We are supposed to be tried by a jury of our peers. While it would be nice to have 12 doctors sitting in the jury box, if that ever happens, it will qualify as a case report. Nonetheless, a cottage industry has emerged to define who the best twelve potential jurors (or however many are required in your state) are. Jury consultants are paid to strategize the best way to stack the deck with favorable jurors- for the plaintiff and the defense.
An article in law.com described one such strategy- asking whether the juror is taking any medication. Like every good ER physician knows, you can recreate a pretty good medical history with little more than knowledge of the pills and capsules the paramedic discovers in the unconscious patient’s pocket or purse.
The presumed rationale for asking the question is that jurors are charged with being attentive and with enough cerebral reserve to deliberate on an important matter. If they are taking medication, a laundry list of side effects might interfere with those important cognitive functions.
Joel Hirschhorn, a Florida criminal attorney noted the question was asked of 20 potential jurors in a pool of a case he was defending. Five confirmed taking medications including Xanax, Prozac, and OxyContin. Hirschhorn confirmed the Xanax and Prozac jurors were copacetic; but he drew the line at OxyContin. That juror was dismissed with thanks and parking money.
Lori Cohen, an Atlanta lawyer, noted the issue of medications must be probed “in a gentle, polite, considerate way, preferably in private … or you risk offending the entire jury.” Cohen also stated that in her experience, up to half of jurors confirmed taking medications.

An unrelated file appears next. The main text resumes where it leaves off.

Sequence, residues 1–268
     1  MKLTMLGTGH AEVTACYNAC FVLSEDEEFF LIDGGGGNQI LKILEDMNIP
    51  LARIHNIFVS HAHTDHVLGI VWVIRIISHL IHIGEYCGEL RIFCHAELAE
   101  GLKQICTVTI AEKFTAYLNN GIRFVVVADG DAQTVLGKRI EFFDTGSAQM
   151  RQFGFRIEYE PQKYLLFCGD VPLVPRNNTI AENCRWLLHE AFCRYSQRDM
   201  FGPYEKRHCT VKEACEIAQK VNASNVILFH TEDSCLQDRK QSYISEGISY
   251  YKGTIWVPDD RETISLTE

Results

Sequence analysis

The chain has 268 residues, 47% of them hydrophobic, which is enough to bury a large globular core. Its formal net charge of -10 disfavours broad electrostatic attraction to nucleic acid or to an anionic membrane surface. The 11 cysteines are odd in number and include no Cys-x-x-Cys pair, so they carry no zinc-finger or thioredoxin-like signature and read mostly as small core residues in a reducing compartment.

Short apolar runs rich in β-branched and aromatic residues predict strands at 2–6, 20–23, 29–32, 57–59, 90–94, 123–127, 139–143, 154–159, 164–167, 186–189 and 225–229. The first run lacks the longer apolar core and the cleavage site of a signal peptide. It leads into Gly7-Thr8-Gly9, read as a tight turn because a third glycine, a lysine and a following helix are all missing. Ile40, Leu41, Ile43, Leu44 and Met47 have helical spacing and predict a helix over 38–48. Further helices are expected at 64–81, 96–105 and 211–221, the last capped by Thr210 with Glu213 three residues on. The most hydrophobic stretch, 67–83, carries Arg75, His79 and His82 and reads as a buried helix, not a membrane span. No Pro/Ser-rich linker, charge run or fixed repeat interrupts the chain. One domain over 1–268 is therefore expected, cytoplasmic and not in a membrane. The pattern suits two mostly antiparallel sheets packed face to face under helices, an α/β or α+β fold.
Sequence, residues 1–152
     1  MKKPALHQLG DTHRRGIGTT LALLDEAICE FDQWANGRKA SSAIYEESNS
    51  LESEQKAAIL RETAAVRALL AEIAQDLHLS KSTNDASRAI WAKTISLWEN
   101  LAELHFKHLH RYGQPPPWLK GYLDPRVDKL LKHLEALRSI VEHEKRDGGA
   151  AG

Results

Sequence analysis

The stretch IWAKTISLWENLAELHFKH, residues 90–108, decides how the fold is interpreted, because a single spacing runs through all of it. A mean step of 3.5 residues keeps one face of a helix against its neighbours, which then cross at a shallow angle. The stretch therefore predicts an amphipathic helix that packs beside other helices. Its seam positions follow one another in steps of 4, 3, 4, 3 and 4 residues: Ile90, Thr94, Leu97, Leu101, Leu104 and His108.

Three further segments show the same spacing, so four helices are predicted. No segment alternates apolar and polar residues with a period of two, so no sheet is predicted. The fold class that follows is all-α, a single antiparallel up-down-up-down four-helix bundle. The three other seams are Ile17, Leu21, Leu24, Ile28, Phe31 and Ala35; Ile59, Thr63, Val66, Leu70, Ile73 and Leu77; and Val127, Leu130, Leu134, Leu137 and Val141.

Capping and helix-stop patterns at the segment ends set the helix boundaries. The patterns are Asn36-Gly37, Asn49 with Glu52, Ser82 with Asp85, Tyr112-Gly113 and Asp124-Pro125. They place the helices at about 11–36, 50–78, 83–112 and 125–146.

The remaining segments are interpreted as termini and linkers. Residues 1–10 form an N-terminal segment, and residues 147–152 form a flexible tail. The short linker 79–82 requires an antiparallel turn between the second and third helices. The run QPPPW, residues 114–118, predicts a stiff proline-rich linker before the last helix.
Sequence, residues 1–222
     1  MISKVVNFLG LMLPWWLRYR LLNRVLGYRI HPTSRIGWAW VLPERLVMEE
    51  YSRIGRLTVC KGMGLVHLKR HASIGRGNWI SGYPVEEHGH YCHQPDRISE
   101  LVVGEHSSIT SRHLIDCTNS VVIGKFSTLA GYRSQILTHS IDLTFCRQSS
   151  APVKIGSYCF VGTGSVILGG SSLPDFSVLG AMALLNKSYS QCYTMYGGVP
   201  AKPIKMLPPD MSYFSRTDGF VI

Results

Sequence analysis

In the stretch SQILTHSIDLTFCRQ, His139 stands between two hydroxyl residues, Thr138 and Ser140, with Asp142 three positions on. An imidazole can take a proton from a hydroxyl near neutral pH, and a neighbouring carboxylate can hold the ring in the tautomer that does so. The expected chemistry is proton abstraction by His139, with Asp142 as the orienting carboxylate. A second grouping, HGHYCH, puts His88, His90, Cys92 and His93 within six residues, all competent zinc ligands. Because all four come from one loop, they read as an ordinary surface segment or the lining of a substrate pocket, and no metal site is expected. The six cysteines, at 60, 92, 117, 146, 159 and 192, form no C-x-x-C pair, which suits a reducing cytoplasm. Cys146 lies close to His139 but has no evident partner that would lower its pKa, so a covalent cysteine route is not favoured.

Amy Singer, a jury consultant with 30 years of experience, distilled the issue in the following way: “I’m concerned if someone is taking antipsychotic medication. If they’re taking high blood pressure, that’s none of my business.”
The Florida bar held a conference, “Juiced Jurors,” focusing on the issue. To drive home the point, a presenting jury consultant, Sun Wolf, distributed magazine ads of a number of pharmaceuticals describing the side effects of these drugs. These drugs included Viagra, Claritin, and Valium. “The side effects can interfere with a jurors’ ability to sit and concentrate during long trials,” SunWolf said. She continued that such information can be used to bounce jurors. It was unclear what type of juror might take Viagra prior to attending trial. One answer might depend upon that juror’s expectations of who he might be sequestered with.
There are serious questions emerging from this strategy – what are the unintended consequences and where is the line drawn. If good jurors have yet another excuse to “be bounced,” a large subset of the intelligent, working population will take advantage. And, if that happens, who will remain behind to deliberate? Next, if the metric being queried is how well a person can concentrate, it might make sense to have jurors take an IQ test. If that happens, maybe a jury of twelve physicians is within reach.